The error rate for hand-counted ballots is about two percent.
All voting systems have nonzero error rates. This doesn’t surprise technologists, but does surprise the general public. There’s a myth out there that elections are perfectly accurate, down to the single vote. They’re not. If the vote is within a few percentage points, they’re likely a statistical tie. (The problem, of course, is that elections must produce a single winner.)
“Wasserman says the Justice Department is saving its legal firepower to challenge restrictive voting laws passed by Republicans in half a dozen Southern states since 2010. The laws require proof of citizenship to register to vote, cut back on early voting, curtailed voter registration drives and required voters to produce a government-issued ID before casting a ballot. The department has already objected to South Carolina’s voter ID law, since blacks are more likely than whites to lack the necessary ID.”—How the GOP Is Resegregating the South | The Nation. Sounds like the Justice Department is fighting the wrong battle: does it really matter whether minorities can vote if they’ve already been packed into a few majority-minority districts? Also, since most people see gerrymandering as bald-faced corruption, but public opinion also think it’s reasonable to require a government ID when voting, it turns out Justice is picking a more difficult political battle, and in an election year at that. WTF?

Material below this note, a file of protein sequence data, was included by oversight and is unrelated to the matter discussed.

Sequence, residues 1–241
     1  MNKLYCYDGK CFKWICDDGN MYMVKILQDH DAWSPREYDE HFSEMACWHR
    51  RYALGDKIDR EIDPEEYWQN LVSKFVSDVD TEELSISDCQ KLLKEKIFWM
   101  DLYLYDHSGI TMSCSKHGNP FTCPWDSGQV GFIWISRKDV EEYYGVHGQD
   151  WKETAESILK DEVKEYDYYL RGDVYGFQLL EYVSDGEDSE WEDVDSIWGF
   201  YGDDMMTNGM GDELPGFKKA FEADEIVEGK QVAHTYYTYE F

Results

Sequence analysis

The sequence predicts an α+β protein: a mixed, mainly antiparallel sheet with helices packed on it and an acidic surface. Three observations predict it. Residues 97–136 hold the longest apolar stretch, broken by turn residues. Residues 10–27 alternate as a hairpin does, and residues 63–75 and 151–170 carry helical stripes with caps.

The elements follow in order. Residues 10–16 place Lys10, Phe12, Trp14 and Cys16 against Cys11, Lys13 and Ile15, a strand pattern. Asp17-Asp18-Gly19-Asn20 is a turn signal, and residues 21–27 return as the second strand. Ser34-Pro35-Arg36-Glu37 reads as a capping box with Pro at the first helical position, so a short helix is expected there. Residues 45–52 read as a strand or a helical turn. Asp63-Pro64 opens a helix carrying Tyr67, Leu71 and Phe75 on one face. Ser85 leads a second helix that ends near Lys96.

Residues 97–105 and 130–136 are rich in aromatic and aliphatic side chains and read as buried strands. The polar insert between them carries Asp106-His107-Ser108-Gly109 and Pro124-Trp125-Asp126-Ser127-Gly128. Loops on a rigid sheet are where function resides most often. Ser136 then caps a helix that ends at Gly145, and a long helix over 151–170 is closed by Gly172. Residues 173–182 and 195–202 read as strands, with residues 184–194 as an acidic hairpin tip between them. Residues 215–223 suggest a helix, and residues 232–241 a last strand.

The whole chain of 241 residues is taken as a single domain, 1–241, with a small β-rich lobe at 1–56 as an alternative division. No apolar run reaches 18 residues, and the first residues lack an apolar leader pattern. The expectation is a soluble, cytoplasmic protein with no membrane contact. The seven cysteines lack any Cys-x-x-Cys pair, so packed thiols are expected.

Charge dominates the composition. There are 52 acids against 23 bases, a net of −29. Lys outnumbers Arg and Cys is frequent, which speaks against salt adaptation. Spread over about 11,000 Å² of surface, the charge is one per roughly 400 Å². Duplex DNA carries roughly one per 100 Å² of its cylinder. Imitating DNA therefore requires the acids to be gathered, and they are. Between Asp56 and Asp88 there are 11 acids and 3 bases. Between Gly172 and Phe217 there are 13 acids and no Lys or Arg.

“The author mentions the rise of for-profit businesses increasingly running prisons in the U.S., but I don’t think he makes the point strongly enough. There is now a corporate interest in the U.S. lobbying for such things as mandatory minimum sentencing.”—Schneier on Security: Prisons in the U.S.
“The style system matches rules by starting with the key selector, then moving to the left (looking for any ancestors in the rule’s selector). As long as the selector’s subtree continues to check out, the style system continues moving to the left until it either matches the rule, or abandons because of a mismatch.”—Writing efficient CSS for use in the Mozilla UI - MDN. Ho-ly shit. I did not know this, and knowing it now makes me want to revisit every bit of CSS I’ve written in the last 10 years. It embarrasses me to post this, but I feel obliged to share for the sake of any other web devs who may not yet be aware of this fundamental issue.
The “Buffett Rule” bill is good marketing but bad legislation. Let’s focus on actual fixes to the tax code, such as restoring capital gains taxes and removing special interest deductions, rather than being distracted by a band-aid bill with a cute name.